Theater can be broadly categorized in two ways. Presentational theater is a non-realistic style in which the audience is forced into awareness that they are watching a play. Representational theater, on the other hand, incorporates a more naturalistic style. The audience is meant to intellectually and emotionally buy in to the "reality" of the plot, setting and characters.
An actor performing in a representational theater piece will be working to portray the emotional truth in each moment. One well-known acting technique used for executing a representational style play is the "method." In Method acting, the actor uses "sense memory" to call to mind an event in her life that is similar to the emotion that the character she is playing on stage is experiencing. In representational theater, no matter what type of acting technique is used, the actor is fully committed to the truth of the moment, and the audience is meant to feel empathy for the character on stage.
The sets used in representational theater will be familiar to audiences, because they are designed to evoke a realistic setting that the audience member herself may have lived in or visited. A kitchen, the interior of a barn, the inside of a classroom -- these are all possible settings that the set designer will have created to be as true to reality as possible. Settings aren't hinted at, but rather are fully realized recreations of reality.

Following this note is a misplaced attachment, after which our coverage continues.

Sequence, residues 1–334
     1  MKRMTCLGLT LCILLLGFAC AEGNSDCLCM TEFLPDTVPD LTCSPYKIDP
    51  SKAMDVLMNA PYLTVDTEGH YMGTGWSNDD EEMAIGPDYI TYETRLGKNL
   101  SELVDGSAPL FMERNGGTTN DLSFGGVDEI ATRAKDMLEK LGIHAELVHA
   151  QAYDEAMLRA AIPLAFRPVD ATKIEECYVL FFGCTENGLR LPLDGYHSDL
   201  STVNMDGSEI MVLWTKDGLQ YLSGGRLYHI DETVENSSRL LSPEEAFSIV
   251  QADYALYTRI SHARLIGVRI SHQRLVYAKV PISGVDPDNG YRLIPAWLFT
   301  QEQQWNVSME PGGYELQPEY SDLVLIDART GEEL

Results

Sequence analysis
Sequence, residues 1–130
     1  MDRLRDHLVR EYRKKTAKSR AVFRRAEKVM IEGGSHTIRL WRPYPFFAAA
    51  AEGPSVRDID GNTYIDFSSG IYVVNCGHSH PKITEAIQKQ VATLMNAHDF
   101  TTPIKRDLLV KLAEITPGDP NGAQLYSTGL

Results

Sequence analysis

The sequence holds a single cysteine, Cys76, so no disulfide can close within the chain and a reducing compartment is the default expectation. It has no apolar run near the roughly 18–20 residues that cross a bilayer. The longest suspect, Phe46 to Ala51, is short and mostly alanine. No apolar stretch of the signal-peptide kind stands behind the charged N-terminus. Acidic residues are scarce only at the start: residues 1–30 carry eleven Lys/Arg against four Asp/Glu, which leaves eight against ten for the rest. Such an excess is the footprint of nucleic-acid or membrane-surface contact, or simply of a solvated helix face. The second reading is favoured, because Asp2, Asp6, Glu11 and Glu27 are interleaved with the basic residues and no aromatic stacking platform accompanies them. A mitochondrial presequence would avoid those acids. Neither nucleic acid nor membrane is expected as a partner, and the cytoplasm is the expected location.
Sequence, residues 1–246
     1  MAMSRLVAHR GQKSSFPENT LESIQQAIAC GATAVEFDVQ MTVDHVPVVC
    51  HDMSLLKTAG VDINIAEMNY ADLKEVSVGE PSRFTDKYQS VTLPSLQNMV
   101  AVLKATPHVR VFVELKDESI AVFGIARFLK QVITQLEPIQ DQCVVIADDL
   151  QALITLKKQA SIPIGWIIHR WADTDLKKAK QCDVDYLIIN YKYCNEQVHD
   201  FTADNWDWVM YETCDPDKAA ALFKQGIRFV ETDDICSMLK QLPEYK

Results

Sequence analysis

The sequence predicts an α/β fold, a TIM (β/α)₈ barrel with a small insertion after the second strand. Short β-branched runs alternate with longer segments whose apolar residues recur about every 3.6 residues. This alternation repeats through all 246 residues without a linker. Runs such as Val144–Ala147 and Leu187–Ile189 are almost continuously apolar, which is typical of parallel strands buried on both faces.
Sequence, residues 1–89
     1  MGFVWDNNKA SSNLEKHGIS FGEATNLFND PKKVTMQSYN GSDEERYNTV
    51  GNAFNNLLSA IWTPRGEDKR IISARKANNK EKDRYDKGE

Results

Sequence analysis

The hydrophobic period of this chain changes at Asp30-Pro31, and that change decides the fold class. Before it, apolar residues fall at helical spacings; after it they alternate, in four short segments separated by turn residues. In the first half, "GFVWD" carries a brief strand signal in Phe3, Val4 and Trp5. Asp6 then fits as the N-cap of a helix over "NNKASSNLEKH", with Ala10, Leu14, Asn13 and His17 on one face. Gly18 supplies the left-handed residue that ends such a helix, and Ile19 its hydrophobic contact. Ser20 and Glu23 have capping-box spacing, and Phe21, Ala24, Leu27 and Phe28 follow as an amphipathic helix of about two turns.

Examples of Representational Plays
Representational plays can be comic or tragic. Sometimes the choice to use a representational style in presenting a play is the director's. For example, Shakespeare's "Romeo and Juliet," if done in period style with realistic costumes and settings, can be a representational piece. A creative interpretation of "Romeo and Juliet" could be set on the moon, which would remove the audience from the emotional content of the play and force them to consider aesthetic and contextual aspects of the production. Well-known examples of plays that are written to be performed in a representational style include "The Man Who Came to Dinner," "The Crucible," "12 Angry Men" and "Fences."
Representational vs. Presentational
Unlike representational theater, which is meant to be realistic, presentational theater is a style in which the audience is made to be aware of theatrical conventions. Presentational elements can include the use of a narrator, actor asides to the audience, surreal characters or set design pieces, and any excessive theatricality involving special effects. Well-known examples of presentational plays include "Our Town," "Six Characters in Search of an Author," and "Waiting for Godot."
- La Guardia Community College; Presentational Theater and Representational Theater
- The Essential Theater, Oscar Brockett; Holt, Reinhart, Winston; 1987
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